Comparing Color Change, St Lucie River/Indian River Lagoon

Confluence of SLR/IRL at Sewall's Point. "The Crossroads." 7-22-15. (Photo Ed Lippisch)
Confluence of SLR/IRL at Sewall’s Point. “The Crossroads.” 7-22-15. (Photo Ed Lippisch)

Of course when it rains the waters of the St Lucie River/Southern Indian River Lagoon get darker due to runoff into the river. But unless it keeps raining, the water will clear up. The government likes to call this water “storm water.” This is all of the water that flows into the river from people’s yards, roads, agriculture fields, etc….

Lately it seems to me, our recent storms, like yesterday, and a few days before have concentrated  right along our coast. I am not certain, but I looked on the South Florida Water Management District’s website and it did not appear that C-23, C-24 and C-25 were open or if they were it was not a lot.  To check C-44 you have to go to the ACOE website; it is definitely not open. So I think most of what we are seeing right now in our river is runoff from the lands closest to the coast not necessary connected to canals. You can see a basin map below.

Canals in Stuart, C-23, C-24, C-25 built in the 50s and 60s. C-44 connected to Lake Okeechobee constructed in the 1920s.
Canals in Stuart, C-23, C-24, C-25 built in the 50s and 60s. C-44 connected to Lake Okeechobee constructed in the 1920s.

So anyway, the photo above with the murky-grey colored water was taken yesterday 7-22-15;  it was an outgoing tide; and it was around 11AM. Thank you Ed!

Today, I will share some of Ed’s photos and then compare others from when there was some rain, and the  ACOE was dumping into our river JUST FROM LAKE O, and others from very rainy times when dumping from Lake O and the area canals of C-23, C-24, C-25 and C-44 by ACOE/and SFWMD was “constant.”

THESE PHOTOS  IMMEDIATELY BELOW FROM yesterday 7-22-15 in the area of Sewall’s Point. They show grayish-murky waters from storm water coastal runoff but green-blue shines through…

Confluence of SLR/IRL at Sewall's Point. "The Crossroads." 7-22-15. (Photo Ed Lippisch)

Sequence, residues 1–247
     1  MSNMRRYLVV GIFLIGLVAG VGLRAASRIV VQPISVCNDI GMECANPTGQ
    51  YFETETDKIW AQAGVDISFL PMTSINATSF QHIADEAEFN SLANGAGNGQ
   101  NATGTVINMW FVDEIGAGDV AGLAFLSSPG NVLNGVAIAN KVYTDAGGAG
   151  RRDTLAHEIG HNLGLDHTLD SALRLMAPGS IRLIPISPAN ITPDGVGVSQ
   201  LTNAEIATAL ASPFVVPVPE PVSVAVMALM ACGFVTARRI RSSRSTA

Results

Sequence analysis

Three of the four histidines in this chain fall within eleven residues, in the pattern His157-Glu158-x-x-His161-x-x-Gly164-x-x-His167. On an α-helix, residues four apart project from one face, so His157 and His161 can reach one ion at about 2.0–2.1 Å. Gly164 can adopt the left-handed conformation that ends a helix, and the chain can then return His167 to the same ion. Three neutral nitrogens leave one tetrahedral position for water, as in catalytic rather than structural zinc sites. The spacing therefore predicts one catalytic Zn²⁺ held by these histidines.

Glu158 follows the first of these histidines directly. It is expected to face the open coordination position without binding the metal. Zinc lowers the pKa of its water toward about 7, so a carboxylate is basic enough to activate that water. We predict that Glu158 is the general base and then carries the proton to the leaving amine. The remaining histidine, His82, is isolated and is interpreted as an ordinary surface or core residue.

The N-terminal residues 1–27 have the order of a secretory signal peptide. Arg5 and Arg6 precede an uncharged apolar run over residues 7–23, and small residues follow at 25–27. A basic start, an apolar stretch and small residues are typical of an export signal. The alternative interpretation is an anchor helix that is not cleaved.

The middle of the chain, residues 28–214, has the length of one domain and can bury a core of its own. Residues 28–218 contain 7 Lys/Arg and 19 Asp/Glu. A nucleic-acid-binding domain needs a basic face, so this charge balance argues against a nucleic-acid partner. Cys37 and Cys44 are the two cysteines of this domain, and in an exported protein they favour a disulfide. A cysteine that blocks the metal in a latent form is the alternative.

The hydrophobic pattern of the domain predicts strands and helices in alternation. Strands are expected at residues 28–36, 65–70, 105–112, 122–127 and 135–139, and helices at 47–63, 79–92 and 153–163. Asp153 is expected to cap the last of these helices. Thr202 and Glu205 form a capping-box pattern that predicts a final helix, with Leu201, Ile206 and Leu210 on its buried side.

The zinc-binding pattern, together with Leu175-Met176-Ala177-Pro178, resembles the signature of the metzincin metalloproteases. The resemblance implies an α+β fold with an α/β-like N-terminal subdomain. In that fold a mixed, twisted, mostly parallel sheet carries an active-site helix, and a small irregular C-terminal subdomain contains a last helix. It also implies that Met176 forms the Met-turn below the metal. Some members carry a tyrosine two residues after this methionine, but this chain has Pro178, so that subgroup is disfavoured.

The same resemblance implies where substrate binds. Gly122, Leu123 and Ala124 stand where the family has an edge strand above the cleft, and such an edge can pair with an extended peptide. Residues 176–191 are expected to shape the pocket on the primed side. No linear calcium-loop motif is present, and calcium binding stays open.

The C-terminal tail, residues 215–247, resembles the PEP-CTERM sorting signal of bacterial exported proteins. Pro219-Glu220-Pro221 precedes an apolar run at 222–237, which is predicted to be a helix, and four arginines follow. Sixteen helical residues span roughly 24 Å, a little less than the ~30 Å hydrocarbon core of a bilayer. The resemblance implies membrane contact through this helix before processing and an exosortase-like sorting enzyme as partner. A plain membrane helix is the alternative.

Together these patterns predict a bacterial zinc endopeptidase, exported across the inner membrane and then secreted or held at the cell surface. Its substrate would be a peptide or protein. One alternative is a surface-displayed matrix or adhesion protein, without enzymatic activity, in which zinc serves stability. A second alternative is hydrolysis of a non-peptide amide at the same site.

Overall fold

Confluence of SLR/IRL at Sewall’s Point. “The Crossroads.” 7-22-15. (Photo Ed Lippisch)
Sailfish Flats 7-22-15. Photo Ed Lippisch.
Sailfish Flats looking towards Sewall’s Point. Hutchinson Island in foreground. 7-22-15. Photo Ed Lippisch.
Runoff plume as seen over St Lucie Inlet 7-22-15. (Photo Ed Lippisch)
Runoff plume as seen over St Lucie Inlet 7-22-15. Jupiter Narrows on left and S. Hutchinson Island. (Photo Ed Lippisch)
Reffs off Hutchinson Island. north of SL Inlet 7-22-15 St Lucie Inlet.
Reefs off Hutchinson Island. north of SL Inlet 7-22-15 St Lucie Inlet so appear clear. (Photo Ed Lippisch)

THIS PHOTO BELOW IS FROM July 14th, 2015,  a week ago.  It had not recently rained and my yard was bone dry.  It was an incoming tide. Sewall’s Point and confluence of SLR/IRL appears very “blue.” It is beautiful although seagrasses and the benthic community are still “recovering.” Blue does not mean the river is “healthy,” but BLUE IS GOOD.

Sewall's Point SLR/IRL from the air 7-14-15. (Photo Ed Lippisch)
Sewall’s Point looking north SLR/IRL from the air 7-14-15. (Photo Ed Lippisch)

THIS PHOTO BELOW IS DATED  May 18th 2015. This is the tip of South Sewall’s Point looking towards the St Lucie Inlet and Jupiter Narrows. Sailfish Point is under the wing. It was not raining much at this time in March of 2015, but the ACOE/SFWMD was dumping from Lake Okeechobee because the lake was “too high.” The river looked brown and gross.

 

Flying north at convergence  of SLR/IRL at St Lucie Inlet.  (Photo Jacqui Thurlow-Lippisch, 3-18-15.)